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The Difference Between RAM and Cache

written by: •edited by: M.S. Smith•updated: 3/8/2010

When buying a computer or building one, there are some aspects of its configuration that play a large role in its performance. The size and speed of the RAM, as well as the setup and sizes of its cache are very important if what you are looking for is speed, agility and smooth operation.

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    The Quicker It Is, The Smaller It Gets

    RAM Sticks CPU Cache Memory CPU cache is located in the chip itself. It is the closest and most promptly accessible location where the CPU can find information to process. The most required information of any given second is accessed from the Cache first. In turn, such information is replaced by even more immediate data in a constant cycle.

    The source of this constantly replaced and renewed data are all the other main memory locations - primarily RAM. The less often new data is retrieved from other locations, the faster the CPU will have material to process.

    When the CPU needs to read from or write to another memory location (RAM, hard-drive, optical and magnetic media), it first checks whether a copy of that data is already available in the cache. If such data is not found there it will then look for it in the secondary sources of memory, starting with the second fastest, the RAM.

    Cache is vastly faster than RAM and any other source of memory in the system. Nevertheless, it is only a fraction of the size of a RAM stick. It is about working fast and smart, not with muscles.

    RAM (Random Access Memory) has a much bigger storage capacity. Even though it is much faster than magnetic and optical storage mediums, it is much slower than Cache. However, it is the primary source of memory for the Cache. Without RAM, the computer would not have enough data to boot.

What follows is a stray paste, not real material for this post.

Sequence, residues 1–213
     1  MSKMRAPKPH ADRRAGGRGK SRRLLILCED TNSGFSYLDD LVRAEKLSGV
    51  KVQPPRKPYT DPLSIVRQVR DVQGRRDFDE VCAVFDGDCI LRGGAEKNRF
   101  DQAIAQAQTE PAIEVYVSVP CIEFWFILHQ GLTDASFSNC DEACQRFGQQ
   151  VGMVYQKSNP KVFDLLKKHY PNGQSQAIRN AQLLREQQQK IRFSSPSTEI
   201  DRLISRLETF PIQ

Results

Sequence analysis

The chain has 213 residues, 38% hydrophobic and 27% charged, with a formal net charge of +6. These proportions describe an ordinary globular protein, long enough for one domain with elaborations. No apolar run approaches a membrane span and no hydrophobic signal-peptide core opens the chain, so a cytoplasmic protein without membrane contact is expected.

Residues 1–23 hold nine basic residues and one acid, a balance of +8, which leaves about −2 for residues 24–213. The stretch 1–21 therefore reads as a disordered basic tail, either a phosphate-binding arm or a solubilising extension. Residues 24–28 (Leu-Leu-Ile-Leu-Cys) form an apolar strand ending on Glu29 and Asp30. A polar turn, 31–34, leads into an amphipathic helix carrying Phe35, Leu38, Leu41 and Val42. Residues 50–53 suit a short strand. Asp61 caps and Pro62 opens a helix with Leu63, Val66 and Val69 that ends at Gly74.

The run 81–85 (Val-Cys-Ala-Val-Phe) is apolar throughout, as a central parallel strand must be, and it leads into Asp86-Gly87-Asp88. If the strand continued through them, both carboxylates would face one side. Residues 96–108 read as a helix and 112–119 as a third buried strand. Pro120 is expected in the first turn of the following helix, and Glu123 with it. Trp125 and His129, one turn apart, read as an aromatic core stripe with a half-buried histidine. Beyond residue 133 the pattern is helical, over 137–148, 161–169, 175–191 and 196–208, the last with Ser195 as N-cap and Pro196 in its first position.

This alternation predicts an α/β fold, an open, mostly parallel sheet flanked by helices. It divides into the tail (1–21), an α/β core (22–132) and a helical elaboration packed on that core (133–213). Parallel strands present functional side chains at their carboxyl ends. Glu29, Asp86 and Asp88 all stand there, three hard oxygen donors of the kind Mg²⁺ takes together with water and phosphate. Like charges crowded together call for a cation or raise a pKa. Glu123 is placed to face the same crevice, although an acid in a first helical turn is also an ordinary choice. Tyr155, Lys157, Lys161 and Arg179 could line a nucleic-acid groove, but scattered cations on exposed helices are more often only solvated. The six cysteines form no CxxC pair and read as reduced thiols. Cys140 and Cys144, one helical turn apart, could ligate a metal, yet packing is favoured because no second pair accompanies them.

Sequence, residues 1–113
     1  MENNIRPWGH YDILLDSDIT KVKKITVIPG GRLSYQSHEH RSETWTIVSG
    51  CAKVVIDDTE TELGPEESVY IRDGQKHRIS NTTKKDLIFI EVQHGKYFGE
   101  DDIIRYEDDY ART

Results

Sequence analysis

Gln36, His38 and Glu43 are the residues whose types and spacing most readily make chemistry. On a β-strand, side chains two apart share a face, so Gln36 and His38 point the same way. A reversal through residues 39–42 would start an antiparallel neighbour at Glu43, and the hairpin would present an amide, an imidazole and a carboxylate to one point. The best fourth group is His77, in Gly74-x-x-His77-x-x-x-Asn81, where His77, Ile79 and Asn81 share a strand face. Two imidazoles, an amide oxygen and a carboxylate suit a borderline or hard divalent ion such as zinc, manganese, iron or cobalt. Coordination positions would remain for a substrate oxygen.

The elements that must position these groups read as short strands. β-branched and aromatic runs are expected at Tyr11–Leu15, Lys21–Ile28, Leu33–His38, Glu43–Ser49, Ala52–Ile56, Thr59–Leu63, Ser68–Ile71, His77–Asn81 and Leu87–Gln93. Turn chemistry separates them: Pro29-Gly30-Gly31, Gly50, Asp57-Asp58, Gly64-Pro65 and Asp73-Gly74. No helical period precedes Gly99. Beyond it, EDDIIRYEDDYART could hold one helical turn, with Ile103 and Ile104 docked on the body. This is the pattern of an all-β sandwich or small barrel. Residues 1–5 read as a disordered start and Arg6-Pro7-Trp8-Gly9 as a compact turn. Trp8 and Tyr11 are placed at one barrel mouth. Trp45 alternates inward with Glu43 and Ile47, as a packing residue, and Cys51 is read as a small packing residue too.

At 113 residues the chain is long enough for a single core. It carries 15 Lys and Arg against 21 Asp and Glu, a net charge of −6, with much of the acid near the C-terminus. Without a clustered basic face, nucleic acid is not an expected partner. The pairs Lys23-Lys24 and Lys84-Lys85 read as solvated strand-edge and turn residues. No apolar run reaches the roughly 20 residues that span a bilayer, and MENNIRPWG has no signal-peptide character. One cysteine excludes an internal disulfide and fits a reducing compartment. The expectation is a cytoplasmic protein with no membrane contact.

Cache memory can be anywhere from 64 KB to 1 MB (or even 2 or 3 MB) depending of the capacity and configurations of your CPU.

    On the other hand, RAM memory is much bigger. Today’s memory sticks can go as high as 4 GB or more (per stick), which is remarkable given the fact that only five years ago having one GB of total RAM ( spread across two or even four memory sticks per system) was considered a lot.

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    The Evolution of Memory

    Old Cache memory technology required data to be sent and received orderly and from a single source at a time. Today, the CPU Cache allows for data to be sent and received in any order, size, and from any source. It is smart enough (and fast enough) to sort everything out by itself.

    This is very important for performance, because the more resources are freed during the transfer and renewal of memory the less time it will take to perform the operation at hand.

    Such feats could never be achieved with other storage mediums, such as hard-drives, magnetic discs and optical discs. Retrieving data from such mediums takes too long and consumes too many resources as the information is acquired by a reading head in an orderly and synchronized fashion.